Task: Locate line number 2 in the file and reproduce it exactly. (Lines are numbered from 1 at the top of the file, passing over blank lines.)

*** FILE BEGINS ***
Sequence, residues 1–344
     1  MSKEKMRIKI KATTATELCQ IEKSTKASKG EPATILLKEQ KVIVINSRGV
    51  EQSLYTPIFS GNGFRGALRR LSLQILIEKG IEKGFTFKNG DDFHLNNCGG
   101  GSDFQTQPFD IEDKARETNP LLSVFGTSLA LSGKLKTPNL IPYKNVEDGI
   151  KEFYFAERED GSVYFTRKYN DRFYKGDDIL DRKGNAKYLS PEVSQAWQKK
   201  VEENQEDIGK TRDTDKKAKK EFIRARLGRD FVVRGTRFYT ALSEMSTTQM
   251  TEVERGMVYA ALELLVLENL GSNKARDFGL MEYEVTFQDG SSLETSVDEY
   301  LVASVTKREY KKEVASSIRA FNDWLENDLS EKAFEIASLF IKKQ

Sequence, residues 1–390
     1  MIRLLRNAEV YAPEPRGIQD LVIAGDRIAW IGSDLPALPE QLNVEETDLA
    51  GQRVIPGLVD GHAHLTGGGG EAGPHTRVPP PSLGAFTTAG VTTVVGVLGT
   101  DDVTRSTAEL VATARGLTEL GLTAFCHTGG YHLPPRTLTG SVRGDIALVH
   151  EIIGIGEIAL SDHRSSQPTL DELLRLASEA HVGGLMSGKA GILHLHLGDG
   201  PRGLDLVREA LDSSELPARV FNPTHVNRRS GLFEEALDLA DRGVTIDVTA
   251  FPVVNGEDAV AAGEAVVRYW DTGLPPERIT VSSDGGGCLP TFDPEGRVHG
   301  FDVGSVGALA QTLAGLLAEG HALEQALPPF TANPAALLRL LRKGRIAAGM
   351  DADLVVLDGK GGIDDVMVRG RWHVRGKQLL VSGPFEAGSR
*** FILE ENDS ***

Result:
     1  MSKEKMRIKI KATTATELCQ IEKSTKASKG EPATILLKEQ KVIVINSRGV